October 27, 2009

Amazon Kindle vs Other e-Book Readers: Help Wanted!

So my first long trip out of the country is coming up. This time around my search for the perfect packing list is already wearing me out. One of the biggest problems for traveling light, on my trips anyway, comes down to my listening and reading material (Surprise! You probably thought it would be my number of shoes). For this trip my listening will be relegated to my Apple iPhone and all the music stored on it.

However my reading material will be a combination of Stanza and other apps that I have downloaded already. The sticky wicket here is that I also need another resource so that when one battery is being recharged, I can still keep myself entertained. We have some long flights and layovers to manage.

Now comes the expensive and confusing part, what e-book reader do I commit to? The number of choices out there are overwhelming for this e-book newbie:

  • Kindle DX (it just came out in May)
  • Barnes & Noble nook
  • Sony Reader
  • iRex iLiad
  • Jinke Hanlin e-Reader
  • CyBook by Bookeen
The Kindle is marketed as more suitable for displaying newspaper and textbook content. Does anyone out there have any of these readers that want to leave me words of wisdom in the comments?

Should I scrap the whole idea and just bring along some magazines like the Economist and the Atlantic? I will be in Spain mostly and will have access to decent power outlets, if that matters. What do I do? If there is anyone out there with an opinion or better yet, experience with one of these readers while traveling, and has the time to leave me their two-cents I would be grateful.

October 25, 2009

Climate Change and Enormous Spiders

One doesn't have to travel far to experience drama and excitement. This spider is alive and "kicking", and living in a web in my town. shudder

Sometimes mother nature in your own backyard or porch, produces the best "costume" for Halloween.

October 18, 2009

Pumpkins and a Prius in Petaluma

Fall is such a beautiful time of year to visit Northern California. Half Moon Bay has fields of golden and orange pumpkins, rows and rows of Brussel sprout stalks. The coast offers horseback rides along the beach and restaurants serving bowls of clam chowder and lobster rolls.

If you drive toward the Central Valley along Highway 580 and 205, you will see road side stands and corn mazes to watch the kids race through.

Make your way north to towns like Petaluma, Sebastopol or Olema and all around you will be the sights and smells of fall. Gorgeous green thick grasses with sleepy cattle. Buy seasonal Gravenstein apple juice, a thick hand knit sweater, local clover honey, or creamy goat cheese wrapped in a fig leaf at any of the quaint shops populating the main streets.

So much color. Glorious sights and smells. Wonderful small towns that hark back to dreamier times. A great way to celebrate the season for sure.

October 7, 2009

California Farmers Markets - A New Export?

It is amazing how there are so many farmers markets in Northern California now. We seem to have them popping up in city neighborhoods, in empty parking lots and in larger more beautifully organized places like the San Francisco Ferry Building. They make great weekend destinations that's for sure.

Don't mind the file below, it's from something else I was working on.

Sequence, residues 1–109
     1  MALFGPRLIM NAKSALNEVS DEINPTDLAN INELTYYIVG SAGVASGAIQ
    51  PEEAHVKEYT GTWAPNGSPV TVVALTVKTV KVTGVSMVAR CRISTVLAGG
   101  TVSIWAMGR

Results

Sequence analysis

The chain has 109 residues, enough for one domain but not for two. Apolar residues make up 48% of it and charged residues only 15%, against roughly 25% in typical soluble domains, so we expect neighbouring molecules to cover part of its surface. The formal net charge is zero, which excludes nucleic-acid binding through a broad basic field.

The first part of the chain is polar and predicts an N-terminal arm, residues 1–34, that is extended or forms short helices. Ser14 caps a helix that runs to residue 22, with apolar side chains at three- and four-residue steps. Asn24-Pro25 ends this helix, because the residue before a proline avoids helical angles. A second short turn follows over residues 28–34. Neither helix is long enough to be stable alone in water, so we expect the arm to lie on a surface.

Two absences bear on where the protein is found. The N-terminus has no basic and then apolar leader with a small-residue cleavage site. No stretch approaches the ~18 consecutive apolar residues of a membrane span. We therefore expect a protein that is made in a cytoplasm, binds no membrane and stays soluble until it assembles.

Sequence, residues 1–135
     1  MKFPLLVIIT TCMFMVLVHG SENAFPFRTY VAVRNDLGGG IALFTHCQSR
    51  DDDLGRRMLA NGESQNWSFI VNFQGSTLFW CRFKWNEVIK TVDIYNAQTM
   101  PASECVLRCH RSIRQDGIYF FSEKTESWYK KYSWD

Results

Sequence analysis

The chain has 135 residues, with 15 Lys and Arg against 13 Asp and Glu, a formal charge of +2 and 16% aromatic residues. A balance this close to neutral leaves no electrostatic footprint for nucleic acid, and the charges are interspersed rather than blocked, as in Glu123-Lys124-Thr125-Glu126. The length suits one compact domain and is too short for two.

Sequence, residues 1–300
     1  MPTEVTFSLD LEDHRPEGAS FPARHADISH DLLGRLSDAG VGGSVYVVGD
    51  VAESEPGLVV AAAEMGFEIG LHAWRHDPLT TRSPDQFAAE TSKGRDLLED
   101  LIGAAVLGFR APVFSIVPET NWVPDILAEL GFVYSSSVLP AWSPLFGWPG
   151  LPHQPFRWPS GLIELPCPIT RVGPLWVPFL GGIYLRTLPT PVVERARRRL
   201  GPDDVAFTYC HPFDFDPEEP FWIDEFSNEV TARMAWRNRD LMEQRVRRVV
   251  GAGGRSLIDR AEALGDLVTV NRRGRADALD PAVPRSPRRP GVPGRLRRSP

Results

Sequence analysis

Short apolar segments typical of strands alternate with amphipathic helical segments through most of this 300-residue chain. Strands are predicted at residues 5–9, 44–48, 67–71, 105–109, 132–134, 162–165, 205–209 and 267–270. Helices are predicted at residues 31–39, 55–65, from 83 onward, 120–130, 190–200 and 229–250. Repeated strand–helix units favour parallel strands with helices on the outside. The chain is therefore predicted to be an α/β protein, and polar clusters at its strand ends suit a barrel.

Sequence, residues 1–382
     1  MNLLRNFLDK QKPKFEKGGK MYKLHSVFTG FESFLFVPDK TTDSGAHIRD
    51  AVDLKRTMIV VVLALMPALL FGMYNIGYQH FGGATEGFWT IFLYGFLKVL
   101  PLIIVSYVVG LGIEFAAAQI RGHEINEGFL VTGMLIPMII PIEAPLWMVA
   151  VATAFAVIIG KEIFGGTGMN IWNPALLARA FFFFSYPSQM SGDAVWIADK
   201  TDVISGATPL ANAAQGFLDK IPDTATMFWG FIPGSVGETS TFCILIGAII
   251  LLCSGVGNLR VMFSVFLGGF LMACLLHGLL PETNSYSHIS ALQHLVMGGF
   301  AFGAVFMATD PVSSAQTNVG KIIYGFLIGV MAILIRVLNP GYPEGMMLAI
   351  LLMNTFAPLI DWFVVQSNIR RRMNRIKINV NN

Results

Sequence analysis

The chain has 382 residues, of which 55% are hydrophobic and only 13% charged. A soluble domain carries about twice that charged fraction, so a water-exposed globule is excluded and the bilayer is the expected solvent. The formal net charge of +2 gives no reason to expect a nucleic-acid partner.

Besides buying local foods, supporting local businesses, a great benefit of going to a farmers market is the people interaction. You will encounter street performers with an open guitar case play music for children.

The people running their own stalls seem so much more engaged than at a supermarket. Some try to entertain you while selling their wares. Some open markets will have food stands. There you can often meet start up restaurants that will try hook in new customers by giving away free samples.

Above is a photo taken at a stand selling Afghan foods. The saleswoman was incredibly polished and smooth with her style. She entertained us with her quips then hooked us quickly when she whipped out a sample that combined several spreads mixed together on a thin bread called Bolani - she called her snack "Afghan lasagna". It was really delicious!

Farmers markets also allow people to test out new and different produce like unusual variations of beans, squash and flowers. Walking through the stalls, I was amazed to see the various types of vegetables and fruits. Some I had never seen before.

There were Asian favorites like bok choy and lots and lots of tomatoes. I think this is a type of squash but I don't know. It was being sold at a couple of stalls.

California is unusual and I wondered how many farmers markets are currently in other states. Thanks to the internet, I found a great way to learn about local markets in the rest of the country. Local Harvest is a website to find farmers' markets, family farms, and other sources of sustainably grown food in your area, where you can buy produce, grass-fed meats, and many other goodies.

I will definitely use this resource when I visit other parts of the county. Farmers Markets are certainly going to be a destination for my domestic travels from now on.

October 2, 2009

America's Best Idea - Yellowstone

National Park in Wyoming is a favorite place of mine. It is unforgettable. Everything is enormous, the sky and diversity of animals all living within the park borders. Here is a photo taken several years ago on our drive to the Lake Hotel in the center of the park. It was an incredible experience seeing nature find its way through that burned landscape.

Watching the Ken Burn's series this week has been wonderful. It certainly reminded me of why we should all support public television. It also reminded me that we have had leadership in the past that valued places like Yellowstone, and set aside thousands of precious acres for future generations.
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